When it was time for the hearing all three of us went inside the courtroom.  As soon as I came in I noticed the court clerk, the court reporter, and the bailiff. I didn’t see the other party or her attorney. I asked my client about it, and he informed me that the other party was not going to appear. That she had been given notice by publication because she wasn’t at her last known address anymore, and that his client would probably be awarded sole custody of the children born to the marriage despite the fact that they were with the mother at an unknown location.  This happens often, and I wasn’t complaining. The hearing was going to be even shorter. Boy I was glad I had successfully negotiated a generous minimum fee.

Next the judge came out and took the bench. The hearing started.  After the bailiff called the caption of the case and my client and I entered our appearance on the record, the judge placed the Spanish speaker petitioner under oath and began questioning him.  To my surprise, the petitioner told the judge that he and his wife had never lived together as a married couple in the United States. In fact, he told the court that his wife had never been to the U.S.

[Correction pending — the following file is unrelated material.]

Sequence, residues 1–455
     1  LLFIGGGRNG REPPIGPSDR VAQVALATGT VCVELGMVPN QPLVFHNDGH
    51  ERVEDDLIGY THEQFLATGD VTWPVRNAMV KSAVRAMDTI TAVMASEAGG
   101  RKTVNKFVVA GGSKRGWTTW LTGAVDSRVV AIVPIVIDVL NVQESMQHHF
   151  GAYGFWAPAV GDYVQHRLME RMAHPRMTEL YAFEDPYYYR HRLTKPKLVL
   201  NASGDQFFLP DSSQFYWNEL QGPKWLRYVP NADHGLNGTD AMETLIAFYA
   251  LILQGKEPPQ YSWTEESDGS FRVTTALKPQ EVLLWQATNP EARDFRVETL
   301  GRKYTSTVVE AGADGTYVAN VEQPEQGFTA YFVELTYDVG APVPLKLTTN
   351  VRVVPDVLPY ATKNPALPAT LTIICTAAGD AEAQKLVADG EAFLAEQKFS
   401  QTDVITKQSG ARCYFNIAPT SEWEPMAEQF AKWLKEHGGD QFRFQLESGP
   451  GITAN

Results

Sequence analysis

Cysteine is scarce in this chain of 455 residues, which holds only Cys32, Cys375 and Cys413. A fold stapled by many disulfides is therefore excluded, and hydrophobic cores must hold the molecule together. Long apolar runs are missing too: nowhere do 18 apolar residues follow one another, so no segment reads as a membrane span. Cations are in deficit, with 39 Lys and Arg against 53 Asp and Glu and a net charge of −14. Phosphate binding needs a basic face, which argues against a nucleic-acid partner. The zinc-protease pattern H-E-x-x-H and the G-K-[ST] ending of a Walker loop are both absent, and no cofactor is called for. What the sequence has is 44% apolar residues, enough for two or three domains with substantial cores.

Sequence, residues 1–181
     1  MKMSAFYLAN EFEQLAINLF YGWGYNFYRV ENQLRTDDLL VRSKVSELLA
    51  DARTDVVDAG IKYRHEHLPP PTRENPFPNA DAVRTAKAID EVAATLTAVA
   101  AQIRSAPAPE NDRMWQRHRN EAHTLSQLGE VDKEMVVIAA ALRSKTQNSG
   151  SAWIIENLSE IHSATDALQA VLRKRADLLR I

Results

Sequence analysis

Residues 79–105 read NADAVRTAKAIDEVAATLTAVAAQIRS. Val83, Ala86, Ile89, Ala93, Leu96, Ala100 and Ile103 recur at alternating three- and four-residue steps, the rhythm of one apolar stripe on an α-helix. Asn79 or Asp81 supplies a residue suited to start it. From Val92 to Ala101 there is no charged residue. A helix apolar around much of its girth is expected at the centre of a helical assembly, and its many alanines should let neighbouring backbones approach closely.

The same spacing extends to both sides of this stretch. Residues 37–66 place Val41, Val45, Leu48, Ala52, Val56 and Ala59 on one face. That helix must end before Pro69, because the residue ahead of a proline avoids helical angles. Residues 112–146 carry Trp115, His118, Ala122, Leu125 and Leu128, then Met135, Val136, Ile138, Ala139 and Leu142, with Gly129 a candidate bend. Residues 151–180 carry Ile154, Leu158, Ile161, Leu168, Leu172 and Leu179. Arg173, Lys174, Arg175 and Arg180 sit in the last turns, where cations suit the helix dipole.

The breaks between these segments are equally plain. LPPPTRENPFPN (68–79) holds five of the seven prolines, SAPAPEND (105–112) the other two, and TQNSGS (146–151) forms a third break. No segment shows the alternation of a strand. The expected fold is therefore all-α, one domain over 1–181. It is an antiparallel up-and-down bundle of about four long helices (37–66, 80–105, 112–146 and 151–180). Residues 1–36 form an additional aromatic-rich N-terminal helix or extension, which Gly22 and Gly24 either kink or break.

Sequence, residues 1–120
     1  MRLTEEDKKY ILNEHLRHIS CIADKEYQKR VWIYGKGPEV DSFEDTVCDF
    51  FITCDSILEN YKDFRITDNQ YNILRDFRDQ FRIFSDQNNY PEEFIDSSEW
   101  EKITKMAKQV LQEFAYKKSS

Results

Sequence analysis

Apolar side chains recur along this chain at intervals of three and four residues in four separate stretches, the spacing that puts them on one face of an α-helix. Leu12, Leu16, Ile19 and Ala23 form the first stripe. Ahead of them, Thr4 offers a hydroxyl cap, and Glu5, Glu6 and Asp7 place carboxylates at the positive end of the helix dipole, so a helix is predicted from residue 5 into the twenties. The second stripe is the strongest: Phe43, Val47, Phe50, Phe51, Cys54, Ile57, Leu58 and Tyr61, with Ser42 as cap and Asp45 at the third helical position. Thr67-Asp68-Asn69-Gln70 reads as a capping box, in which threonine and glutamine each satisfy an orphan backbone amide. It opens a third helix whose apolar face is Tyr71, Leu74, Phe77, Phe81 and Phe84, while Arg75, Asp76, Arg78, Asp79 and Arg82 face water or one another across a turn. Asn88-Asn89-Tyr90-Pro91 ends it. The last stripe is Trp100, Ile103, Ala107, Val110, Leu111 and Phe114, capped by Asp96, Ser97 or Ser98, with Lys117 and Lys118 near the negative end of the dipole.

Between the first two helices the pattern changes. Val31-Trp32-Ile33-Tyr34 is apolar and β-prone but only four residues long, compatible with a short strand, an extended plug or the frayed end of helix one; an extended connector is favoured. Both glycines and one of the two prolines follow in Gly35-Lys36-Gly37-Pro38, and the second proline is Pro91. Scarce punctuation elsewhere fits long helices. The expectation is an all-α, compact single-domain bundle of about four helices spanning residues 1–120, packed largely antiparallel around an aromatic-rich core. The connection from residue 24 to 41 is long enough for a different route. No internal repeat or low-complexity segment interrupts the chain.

I looked at the judge and I saw that I wasn’t the only one in the courtroom that was shocked by the answers.  The judge also learned that the petitioner had never paid child support to his children. Next the judge asked the petitioner when the last time he had known the respondent’s address was. The Spanish speaker said, and I interpreted, that although he didn’t know where his wife lived, he was pretty sure he could find out because her parents still lived at the same address they had lived at for over twenty years.